Like us on Facebook
Follow us on Instagram
 

A beautifull atlas of cursed and mysterious locations around the world

Boban Docevski

Olivier Le Carrer is a journalist and sailor who went to explore and write about some of the most dangerous and doomed places on Earth. His book called “Atlas of Cursed Places: A Travel Guide to Dangerous and Frightful Destinations” represents a collection of detailed maps accompanied by stories about some of the most dangerous and creepy places in the world. here is an abundance of horror, spiritual apparitions, paranormal activity and other mysteries in this beautifully arranged atlas

According to Carrer, there are three types of curses: those of a mystical order, those dealing with the preternatural, and, those of places rendered uninhabitable by human activity. The element that connects all of the curses mentioned is, of course, the bad luck of all of the involved persons.

Here are some of the locations mentioned in the Atlas of Cursed Places.

Oumaradi: The village covered with desert sand

The Harmattan is a dry and dusty northeasterly trade wind which blows from the Sahara Desert over the West African subcontinent into the Gulf of Guinea between the end of November and the middle of March (winter). The name comes from or is related to the Ga language “haramata”.  It is cold in some places and hot in others, according to the circumstances. In some countries in West Africa, the heavy amount of dust in the air can severely limit visibility and block the sun for several days, comparable to a heavy. This effect is known as the Harmattan haze. It costs airlines millions of dollars in canceled and diverted flights each year. When the haze is weak, the skies are clear. The dry air can break the trunks of trees growing in the region. This terrible wind is famous among locals as “the doctor”. A strange nickname for something that

The dry air can break the trunks of trees growing in the region. This terrible wind is famous among locals as “the doctor”. A strange nickname for something that doesnt really help people. The desert sand that this wind brings creates huge dunes that can cover entire villages. One such village is Oumaradi in Niger. The winds are so bad here that the village is in danger to be completely covered in sand. It is extremely hard for people to live in Oumaradi.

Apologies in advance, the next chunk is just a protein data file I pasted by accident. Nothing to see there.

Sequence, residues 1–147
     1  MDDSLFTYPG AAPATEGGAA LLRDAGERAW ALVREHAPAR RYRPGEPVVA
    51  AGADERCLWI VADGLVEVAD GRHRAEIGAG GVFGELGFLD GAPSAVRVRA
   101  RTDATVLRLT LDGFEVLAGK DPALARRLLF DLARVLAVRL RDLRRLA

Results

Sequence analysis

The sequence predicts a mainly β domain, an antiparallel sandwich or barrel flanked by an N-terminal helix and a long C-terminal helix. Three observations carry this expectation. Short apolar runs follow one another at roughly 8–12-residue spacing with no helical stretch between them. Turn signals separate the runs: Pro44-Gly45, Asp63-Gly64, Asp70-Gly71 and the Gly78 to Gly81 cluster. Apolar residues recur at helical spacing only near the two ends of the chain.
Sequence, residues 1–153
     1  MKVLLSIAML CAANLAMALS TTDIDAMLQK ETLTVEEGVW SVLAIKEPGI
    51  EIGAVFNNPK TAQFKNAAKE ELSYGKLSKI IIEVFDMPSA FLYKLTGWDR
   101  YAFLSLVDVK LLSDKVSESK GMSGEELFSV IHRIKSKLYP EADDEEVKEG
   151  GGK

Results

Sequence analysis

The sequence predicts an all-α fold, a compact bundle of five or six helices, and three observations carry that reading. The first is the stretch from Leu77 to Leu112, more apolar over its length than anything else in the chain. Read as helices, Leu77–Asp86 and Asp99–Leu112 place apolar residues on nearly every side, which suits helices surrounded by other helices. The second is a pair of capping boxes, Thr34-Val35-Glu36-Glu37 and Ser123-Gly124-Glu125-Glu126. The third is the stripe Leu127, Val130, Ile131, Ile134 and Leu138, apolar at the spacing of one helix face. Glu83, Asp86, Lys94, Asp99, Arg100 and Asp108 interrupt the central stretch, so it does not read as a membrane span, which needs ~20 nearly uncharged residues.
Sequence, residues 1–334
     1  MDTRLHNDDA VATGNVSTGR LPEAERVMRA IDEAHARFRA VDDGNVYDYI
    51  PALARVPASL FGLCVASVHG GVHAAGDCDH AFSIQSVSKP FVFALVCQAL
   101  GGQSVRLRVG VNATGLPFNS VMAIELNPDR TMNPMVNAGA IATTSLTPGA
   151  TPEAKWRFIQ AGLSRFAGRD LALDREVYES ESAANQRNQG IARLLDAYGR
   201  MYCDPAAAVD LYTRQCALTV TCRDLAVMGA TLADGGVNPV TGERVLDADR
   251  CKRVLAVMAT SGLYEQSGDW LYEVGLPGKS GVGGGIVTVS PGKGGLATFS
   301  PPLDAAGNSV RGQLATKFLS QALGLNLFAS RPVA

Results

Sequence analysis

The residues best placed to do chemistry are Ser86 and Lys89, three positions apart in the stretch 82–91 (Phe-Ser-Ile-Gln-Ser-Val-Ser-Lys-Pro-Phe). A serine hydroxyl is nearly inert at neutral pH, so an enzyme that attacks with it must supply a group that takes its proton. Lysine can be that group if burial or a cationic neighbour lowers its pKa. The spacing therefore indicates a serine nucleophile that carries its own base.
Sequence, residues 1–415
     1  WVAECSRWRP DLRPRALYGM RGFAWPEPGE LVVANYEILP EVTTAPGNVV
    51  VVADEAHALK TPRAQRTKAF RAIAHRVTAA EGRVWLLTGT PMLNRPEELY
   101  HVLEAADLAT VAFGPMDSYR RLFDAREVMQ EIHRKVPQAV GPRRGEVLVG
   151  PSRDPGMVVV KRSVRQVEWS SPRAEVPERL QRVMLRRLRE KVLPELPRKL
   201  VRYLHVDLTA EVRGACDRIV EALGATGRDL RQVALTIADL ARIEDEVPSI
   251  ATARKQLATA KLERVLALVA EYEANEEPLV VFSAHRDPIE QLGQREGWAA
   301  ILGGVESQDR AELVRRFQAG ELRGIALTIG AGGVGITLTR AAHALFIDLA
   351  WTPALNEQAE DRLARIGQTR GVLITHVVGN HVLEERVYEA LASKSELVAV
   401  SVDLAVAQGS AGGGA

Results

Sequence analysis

Poveglia: The Island of Death

The island of death seems like a suitable name for an island that was once a quarantine zone for lepers plague victims. Poveglia is a small island located between Venice and Lido in the Venetian Lagoon, northern Italy. A small canal divides the island into two separate parts. It was used as a confinement station for the first time in 1793 after several cases of the plague appeared on two ships. In the 20th century, the island was again used as a quarantine station. To make the whole island sound more creepy, in 1922, the existing buildings were converted into an asylum for the mentally ill and for long-term care. This went on until 1968 when the hospital was closed, and the island, after being shortly used for agriculture, was completely abandoned. It is believed (not exactly confirmed) that around 160,000 bodies are buried on Poveglia. There are many accounts of paranormal sightings around the island and this is probably why everybody stays far from it.

This went on until 1968 when the hospital was closed, and the island, after being shortly used for agriculture, was completely abandoned. It is believed (not exactly confirmed) that around 160,000 bodies are buried on Poveglia. There are many accounts of paranormal sightings around the island and this is probably why everybody stays far from it.

Charybdis and Scylla: The strait that sent many ships to the bottom